The latest bibliography of the books supplied by the United States Information Agency to stock American libraries around the world still begins with Jefferson's reference to the candid world. Leading the 250- volume introductory collection of these books we send abroad are the notable ones from America's literature of liberty-American classics of democratic thought, American exhortations to revolution, American proclamations of inalienable rights and the equality of man-basic doctrines which from the beginning have made our national interest uniquely interesting to others.

And, at least historically speaking, this is as it should be. For two hundred years, others have contemplated our national interest and identified themselves with what they saw-with Project Hope, writ large. We Americans have understood from the beginning that power, like patriotism, is not enough. At each high point in our history, the custodians of our national interest have made it interesting to us and to others.

This achievement is all the more impressive when contrasted with what national interest usually means. Traditionally the concept has hidden things otherwise unacceptable, things which do not readily lend themselves to a more inspiring description. The term national interest is at least suggestive of a conflict with broader human interests. It often signals a foreign adventure conducted in the face of domestic discontent. It can carry an implied reflection on the quality of the cause. It can embrace all those non-democratic, undemocratic and anti-democratic associations which democracies find embarrassing. Especially considering all that has gone before, we Americans beat a major retreat from a far wider and more appealing tradition whenever we reduce our appeal to the language of national interest. Its use is apologetic, a confession of incipient inadequacy in American foreign-policy terms.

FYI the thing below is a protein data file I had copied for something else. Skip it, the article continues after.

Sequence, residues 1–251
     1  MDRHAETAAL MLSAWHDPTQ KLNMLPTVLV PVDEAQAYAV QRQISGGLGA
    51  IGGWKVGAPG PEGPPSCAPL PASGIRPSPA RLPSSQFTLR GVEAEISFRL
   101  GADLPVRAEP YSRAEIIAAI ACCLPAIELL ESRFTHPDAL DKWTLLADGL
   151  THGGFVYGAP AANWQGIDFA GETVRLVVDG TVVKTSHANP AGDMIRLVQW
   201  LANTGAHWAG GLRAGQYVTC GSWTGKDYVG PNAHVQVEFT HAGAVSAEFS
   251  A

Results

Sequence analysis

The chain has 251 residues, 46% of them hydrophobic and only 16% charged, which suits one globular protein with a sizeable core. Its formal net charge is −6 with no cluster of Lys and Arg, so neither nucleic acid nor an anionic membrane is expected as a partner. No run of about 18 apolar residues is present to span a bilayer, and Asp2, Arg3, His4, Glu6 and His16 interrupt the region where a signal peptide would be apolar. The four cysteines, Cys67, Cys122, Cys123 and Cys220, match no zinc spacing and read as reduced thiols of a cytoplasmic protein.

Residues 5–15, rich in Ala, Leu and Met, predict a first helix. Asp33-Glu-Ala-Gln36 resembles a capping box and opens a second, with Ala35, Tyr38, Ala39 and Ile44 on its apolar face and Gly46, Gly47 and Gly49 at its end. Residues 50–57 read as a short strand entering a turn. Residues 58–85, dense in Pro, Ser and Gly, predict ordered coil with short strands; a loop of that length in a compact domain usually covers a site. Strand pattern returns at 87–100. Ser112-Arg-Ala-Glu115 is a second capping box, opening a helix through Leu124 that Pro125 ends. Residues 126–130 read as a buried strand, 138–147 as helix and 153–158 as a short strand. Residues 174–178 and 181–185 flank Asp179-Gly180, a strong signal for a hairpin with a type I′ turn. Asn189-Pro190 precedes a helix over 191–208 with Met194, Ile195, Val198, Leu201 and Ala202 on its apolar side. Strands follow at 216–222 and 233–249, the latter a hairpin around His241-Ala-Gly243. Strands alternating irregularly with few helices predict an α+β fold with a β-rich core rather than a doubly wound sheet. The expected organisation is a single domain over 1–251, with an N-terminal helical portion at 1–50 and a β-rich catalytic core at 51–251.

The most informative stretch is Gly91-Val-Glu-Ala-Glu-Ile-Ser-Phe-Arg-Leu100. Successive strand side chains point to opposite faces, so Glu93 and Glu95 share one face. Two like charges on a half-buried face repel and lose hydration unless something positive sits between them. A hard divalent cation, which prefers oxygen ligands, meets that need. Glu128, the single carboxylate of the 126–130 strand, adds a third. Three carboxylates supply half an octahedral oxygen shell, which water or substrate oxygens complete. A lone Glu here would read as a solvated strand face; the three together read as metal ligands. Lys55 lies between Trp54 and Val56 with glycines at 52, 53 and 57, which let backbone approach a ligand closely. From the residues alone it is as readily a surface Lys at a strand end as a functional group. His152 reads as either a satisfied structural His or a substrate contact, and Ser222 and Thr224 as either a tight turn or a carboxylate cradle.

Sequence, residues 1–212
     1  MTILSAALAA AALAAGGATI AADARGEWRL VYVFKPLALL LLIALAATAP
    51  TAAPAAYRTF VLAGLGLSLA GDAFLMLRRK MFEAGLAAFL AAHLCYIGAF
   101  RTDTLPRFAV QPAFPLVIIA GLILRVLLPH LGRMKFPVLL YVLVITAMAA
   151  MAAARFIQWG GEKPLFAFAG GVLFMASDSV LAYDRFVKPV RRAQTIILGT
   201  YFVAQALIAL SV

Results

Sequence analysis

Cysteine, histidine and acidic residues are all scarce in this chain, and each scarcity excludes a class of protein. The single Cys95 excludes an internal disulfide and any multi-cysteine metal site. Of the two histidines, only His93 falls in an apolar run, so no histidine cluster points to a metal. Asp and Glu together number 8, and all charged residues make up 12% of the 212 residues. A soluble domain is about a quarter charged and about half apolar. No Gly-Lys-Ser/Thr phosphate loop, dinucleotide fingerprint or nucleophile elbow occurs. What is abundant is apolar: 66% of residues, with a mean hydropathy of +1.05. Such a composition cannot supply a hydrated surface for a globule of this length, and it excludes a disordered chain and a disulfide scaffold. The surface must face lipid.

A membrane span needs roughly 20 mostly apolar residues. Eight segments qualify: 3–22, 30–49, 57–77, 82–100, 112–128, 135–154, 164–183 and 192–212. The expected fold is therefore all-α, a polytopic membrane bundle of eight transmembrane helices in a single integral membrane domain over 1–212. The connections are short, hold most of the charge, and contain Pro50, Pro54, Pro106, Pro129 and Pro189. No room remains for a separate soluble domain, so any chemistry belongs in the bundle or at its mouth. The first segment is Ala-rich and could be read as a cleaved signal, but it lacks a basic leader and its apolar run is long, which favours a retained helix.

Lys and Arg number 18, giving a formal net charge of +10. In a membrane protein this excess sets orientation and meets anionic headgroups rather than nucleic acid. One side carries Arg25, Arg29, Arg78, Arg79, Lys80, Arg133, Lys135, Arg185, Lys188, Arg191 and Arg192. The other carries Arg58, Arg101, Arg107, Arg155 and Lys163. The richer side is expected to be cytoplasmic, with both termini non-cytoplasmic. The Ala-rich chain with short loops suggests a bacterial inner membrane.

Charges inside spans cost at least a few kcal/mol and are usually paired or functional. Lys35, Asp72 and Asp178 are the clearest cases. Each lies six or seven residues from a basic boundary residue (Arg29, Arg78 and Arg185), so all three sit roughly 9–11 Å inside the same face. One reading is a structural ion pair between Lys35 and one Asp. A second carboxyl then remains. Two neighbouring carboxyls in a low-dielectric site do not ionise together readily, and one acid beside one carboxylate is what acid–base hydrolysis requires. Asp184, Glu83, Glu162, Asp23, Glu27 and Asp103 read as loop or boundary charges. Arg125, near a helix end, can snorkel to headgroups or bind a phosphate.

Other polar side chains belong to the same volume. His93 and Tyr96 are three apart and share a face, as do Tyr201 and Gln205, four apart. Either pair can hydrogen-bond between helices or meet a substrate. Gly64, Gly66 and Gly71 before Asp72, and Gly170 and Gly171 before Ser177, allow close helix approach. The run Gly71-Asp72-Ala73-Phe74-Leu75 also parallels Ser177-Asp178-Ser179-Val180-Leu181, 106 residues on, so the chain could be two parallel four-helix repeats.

No one's national interest is self-defining. It is a kind of UFO-an unidentified flying object. It is a label for uninspiring policies pursued by uninspired men. By definition, national interest, whatever it is, lacks primary interest to others. Indeed, the more any power states its policy in terms of its national interest, the more assuredly it loses the interest of others. For America this is particularly self-defeating, because we thereby thoughtlessly discard our unique historic reputation for disinterestedness. Hitherto that has been one of our most important national assets, even on the strictest Bismarckian scales of Hoch-und-Real-politik.